Why should we use science to understand guitar skill?
After all, there are many hundreds of guitar method books out there as well as thousands of websites, online videos, blogs & magazines (including this one). So there is more than enough material for any beginner or intermediate guitarist to get their feet wet – right?
There is also evidence that jazz guitar undergraduates struggle when they begin undergraduate degrees due to a lack of technical skill (Odegard, 2004; Elmer, 2009; Balistreri, 1995; Tedesco, 1998; Matone, 2005; Berard, 1998). Considering the mountain of prep materials available, and the fact that over 75% of guitar undergraduates use published materials*, this seems unusual. Why is this the case?
One explanation for this phenomenon could be the typically late start to jazz training for guitarists. Degner & Lehmann (2003), found that both professional and student jazz guitarists (n=18) started their instrumental training later than classical musicians (at around age 13), and began jazz training even later (at around age 20) transitioning to jazz from playing folk, rock and other popular music. By way of contrast, other studies have shown that classically trained individuals often begin their lessons between 5-10 years of age (Ericsson, 1993).
The inefficacy of method books and other pedagogy in early jazz guitar education have also been indicated as a potential source of this problem. Odegard (2004) specifically blamed poor teaching materials and a lack of university support for the struggles he saw new undergraduate guitar students dealing with. Elmer (2009) noted that most method books follow a strict ‘behaviourist’ format, with an emphasis on rote learning, which he found to be unsuitable to the task of fostering creativity. In addition, he argued that any method relying on memorizing scale patterns instead of fully learning the notes of the fretboard is apt to be limiting to the creativity and facility of the student. Balistreri (1995) found that most methods do not give an overall comprehension of the instrument, and limit creative possibilities. Tedesco (1998) felt that jazz guitar method books too often focused on copying the styles of famous guitarists at the expense of a student’s creative development. Matone (2005) found all methods lacked comprehensive fingering information. Berard (1998) noted that most method books at the university level were not comprehensive and quote “too specific to one topic, lacking in the presentation of prerequisite knowledge for the skills being taught” (p. 18).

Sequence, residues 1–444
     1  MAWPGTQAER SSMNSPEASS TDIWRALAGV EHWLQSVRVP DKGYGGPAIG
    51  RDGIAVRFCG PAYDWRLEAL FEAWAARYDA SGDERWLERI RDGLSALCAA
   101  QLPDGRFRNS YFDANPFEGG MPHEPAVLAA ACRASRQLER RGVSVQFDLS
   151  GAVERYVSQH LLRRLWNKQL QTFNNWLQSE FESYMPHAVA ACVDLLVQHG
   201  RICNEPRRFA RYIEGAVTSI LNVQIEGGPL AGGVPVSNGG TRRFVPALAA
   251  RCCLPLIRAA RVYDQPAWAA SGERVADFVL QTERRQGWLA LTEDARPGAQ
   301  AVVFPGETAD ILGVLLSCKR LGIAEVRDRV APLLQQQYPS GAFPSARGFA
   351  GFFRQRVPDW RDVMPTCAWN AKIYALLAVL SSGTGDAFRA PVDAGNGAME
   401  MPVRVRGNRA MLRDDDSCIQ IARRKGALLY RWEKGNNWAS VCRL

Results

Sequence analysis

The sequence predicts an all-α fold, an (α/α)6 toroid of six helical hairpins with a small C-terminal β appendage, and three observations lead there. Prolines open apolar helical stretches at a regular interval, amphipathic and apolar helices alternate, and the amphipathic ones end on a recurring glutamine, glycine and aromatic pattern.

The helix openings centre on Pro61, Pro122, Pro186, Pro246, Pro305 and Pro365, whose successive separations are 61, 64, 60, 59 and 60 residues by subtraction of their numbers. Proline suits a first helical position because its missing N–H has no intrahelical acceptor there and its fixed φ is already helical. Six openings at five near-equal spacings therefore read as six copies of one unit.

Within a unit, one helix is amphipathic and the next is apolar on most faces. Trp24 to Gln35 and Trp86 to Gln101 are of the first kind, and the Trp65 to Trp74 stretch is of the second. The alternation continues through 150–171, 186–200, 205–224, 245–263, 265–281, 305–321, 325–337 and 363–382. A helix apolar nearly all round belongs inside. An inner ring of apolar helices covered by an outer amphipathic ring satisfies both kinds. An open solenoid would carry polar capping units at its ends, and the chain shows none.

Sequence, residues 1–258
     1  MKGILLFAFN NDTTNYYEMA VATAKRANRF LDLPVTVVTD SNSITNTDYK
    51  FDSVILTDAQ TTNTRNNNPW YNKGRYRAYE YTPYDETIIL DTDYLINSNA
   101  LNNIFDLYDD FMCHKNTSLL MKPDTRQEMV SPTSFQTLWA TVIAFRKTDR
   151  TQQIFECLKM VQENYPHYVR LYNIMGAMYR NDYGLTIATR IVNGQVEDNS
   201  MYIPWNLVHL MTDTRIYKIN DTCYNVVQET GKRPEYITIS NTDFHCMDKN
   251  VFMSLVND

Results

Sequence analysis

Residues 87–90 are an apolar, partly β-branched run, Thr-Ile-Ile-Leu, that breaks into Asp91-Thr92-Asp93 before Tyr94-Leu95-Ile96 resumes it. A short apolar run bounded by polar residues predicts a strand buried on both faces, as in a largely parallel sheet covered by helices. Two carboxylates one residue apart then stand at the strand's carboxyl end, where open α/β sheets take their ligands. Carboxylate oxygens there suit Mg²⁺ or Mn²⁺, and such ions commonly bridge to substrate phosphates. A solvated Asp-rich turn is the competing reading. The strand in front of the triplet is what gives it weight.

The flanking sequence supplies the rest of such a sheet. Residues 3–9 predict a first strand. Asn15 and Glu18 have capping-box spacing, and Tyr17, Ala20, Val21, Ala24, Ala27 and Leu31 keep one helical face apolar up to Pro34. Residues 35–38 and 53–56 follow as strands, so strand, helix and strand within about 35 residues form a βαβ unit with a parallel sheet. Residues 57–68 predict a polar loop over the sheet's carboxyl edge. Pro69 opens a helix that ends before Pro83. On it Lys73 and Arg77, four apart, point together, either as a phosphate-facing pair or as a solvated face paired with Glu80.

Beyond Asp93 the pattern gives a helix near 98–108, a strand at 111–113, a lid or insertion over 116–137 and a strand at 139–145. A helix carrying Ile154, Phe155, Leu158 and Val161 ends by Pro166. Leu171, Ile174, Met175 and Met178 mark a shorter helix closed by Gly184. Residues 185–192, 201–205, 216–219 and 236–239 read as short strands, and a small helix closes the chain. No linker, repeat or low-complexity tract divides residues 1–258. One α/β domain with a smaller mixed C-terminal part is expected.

Jody Fisher, in his 1995 method book ‘The Complete Jazz Guitarist‘ puts the problem succinctly, saying “…in spite of the mountains of instructional books and tapes that are available, most students remain in the dark about some very basic concepts regarding jazz and jazz guitar” (p. 5).
So what can cognitive science contribute to guitar education?
Firstly, evaluation and testing. Most guitar methods (even the best) are untested and centered around the philosophies of the individual author. These methods can be evaluated using the scientific method to discover whether they actually work, or whether other cognitive factors are at play. After all, many instruments are studied in this way (particularly piano). Secondly, by drawing from existing fields such as music cognition, motor learning, neuroscience & psychology, we can begin to build a picture of how people acquire complex guitar skills with related research. What is currently missing from the pedagogical landscape of guitar is concrete evidence of how guitarists acquire particular skills. This evidence can only be gathered through scientific research that extends beyond the individual experience, through investigation by multiple scientific disciplines.
Guitarists (amateur, student or professional) are always needed as research participants – to contribute check out our Current Studies.
*In his experimental study with fourteen Concordia University jazz guitar students, Michael Berard (1998) found that 78.6% had used a guitar method book before attending university. Berard, M. (1998). Production and evaluation of a self-instructional method for teaching jazz guitar. (Unpublished M.A. Thesis). Concordia University, Montreal, Canada, 61.